In the beginning, he didn't recognize people, and he couldn't speak. When he did voice words again, out came a stream of seemingly disconnected ideas.
It was like a child learning to speak, McClellan said, except that the words recalled a personal history. Nurses thought it was gibberish, but not McClellan.
"Those of us who knew him or knew his history could start recognizing little bits of memories from his grad school days or his childhood days," she said.
Morey's troubles are far from over.
"It's all a struggle," he said. "It's just so absurd, you might as well laugh."
The brain injury caused double vision, a condition for which he's had three surgeries attempting to correct. But Morey continues to see two of everything, and he considers it to be by far his worst impairment.
And he said he gets confused more easily than before the accident. It takes him a bit longer to process information.
Morey returned to KU in the spring of 2002, teaching one course. He returned to full-time the following fall.
"It was the hardest thing I've ever done," he said.
The schedule was too exhausting, and the following year he moved to a 3/4-time schedule. He can no longer be a typical faculty member.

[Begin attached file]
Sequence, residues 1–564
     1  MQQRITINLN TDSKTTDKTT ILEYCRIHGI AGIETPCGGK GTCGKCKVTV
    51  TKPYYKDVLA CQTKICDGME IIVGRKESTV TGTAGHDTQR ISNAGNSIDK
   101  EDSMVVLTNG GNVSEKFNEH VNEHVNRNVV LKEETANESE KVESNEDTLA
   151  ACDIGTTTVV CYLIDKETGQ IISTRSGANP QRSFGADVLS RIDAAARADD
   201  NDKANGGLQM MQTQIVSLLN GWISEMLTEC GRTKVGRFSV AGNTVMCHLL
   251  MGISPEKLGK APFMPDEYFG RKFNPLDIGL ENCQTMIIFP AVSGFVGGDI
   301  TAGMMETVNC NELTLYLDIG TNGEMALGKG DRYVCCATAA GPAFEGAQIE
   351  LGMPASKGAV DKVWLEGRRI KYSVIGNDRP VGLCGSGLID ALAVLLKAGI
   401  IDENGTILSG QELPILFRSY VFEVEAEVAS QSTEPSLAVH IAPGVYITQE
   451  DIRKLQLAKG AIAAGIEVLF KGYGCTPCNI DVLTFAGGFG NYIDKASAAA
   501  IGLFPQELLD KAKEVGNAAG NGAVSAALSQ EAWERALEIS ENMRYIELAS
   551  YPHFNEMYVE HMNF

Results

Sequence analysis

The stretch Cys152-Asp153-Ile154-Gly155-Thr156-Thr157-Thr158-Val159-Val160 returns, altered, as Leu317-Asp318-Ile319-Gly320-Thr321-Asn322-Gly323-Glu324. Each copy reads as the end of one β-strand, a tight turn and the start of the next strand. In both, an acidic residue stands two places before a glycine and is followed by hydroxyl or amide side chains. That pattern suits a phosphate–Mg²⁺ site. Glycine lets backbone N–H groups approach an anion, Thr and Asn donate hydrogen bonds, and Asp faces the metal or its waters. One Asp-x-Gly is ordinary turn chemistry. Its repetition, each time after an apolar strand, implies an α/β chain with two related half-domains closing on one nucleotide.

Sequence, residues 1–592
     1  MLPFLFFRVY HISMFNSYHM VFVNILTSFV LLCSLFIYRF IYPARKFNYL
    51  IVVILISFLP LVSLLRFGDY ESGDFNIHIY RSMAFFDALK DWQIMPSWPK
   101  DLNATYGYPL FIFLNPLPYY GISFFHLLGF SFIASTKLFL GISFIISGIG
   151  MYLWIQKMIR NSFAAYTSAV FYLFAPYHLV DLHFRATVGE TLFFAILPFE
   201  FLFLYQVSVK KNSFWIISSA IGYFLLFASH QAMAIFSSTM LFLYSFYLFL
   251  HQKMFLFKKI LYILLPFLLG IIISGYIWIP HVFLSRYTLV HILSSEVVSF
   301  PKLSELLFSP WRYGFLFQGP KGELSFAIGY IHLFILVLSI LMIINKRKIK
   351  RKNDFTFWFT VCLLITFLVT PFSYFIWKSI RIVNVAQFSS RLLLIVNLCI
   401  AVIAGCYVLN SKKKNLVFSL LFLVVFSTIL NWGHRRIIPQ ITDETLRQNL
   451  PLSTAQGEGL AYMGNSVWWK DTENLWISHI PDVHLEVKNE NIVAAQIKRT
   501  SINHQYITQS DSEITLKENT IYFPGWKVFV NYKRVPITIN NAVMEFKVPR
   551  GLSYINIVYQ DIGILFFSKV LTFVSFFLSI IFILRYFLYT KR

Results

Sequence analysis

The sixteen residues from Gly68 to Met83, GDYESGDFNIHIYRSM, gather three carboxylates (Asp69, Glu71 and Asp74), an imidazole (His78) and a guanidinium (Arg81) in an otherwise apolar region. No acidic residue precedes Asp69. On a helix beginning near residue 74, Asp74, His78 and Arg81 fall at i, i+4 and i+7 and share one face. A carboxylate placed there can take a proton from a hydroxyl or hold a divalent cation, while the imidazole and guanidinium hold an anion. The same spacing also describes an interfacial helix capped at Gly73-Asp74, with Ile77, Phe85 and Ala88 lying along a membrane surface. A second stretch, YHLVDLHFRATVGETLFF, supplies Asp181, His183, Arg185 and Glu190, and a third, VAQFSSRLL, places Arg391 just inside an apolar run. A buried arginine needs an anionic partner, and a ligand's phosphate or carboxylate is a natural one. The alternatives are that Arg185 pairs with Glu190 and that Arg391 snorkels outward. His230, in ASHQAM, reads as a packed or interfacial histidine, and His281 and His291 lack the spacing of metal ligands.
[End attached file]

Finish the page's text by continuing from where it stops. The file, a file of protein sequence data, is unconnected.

"My realities are the opposite of conventional," he said.
But he continues to work.
"He has an amazing knack for building rapport with his students," said Libby Huber, a KU student who has taken Morey's class. "He works hard for us. He is a remarkably dedicated teacher."
His anthropological research on the relationship between humans and dogs was recently published in the Journal of Archaeological Science.
Morey, 49, tried to get a long-term situation that would allow him to continue teaching and doing research on a much smaller scale, he said. When KU would not agree to it, Morey resigned.
"Call it pre-emptive," Morey said.
Jim Mielke, chairman of KU's anthropology department, said he couldn't talk about Morey's situation because it was a personnel matter.
When asked about Morey's contributions, Mielke said they've been "absolutely wonderful."
"He's regarded very well, just as a lot of individuals are in the department," Mielke said.
Morey and McClellan have taken posts at the University of Tennessee at Martin where Morey will teach a course in an adjunct-type capacity.
"My goals are to be in a situation where I can do the things that, remarkably enough, I'm still good at," he said.
A new life
Morey expects to have hip replacement surgery in the future. And, unless there are medical breakthroughs, he predicts he'll have double vision for the remainder of his life.
"I've gone as far I can," he said of his physical condition. "I'm going to be impaired all my life."
McClellan said she sees him taking small steps.
"I still see improvement - just in the way he handles life and handles situations," she said.
The two cheer each other on in a life filled with questions of, "What if?"
"There are things I don't let myself think about much these days," McClellan said.
For example, the times they used to spend in the garden or hiking or canoeing down Kentucky's Green River.
"It was a rich life in many ways," McClellan said. "I don't like to dwell on what we've lost. At least we didn't lose it all."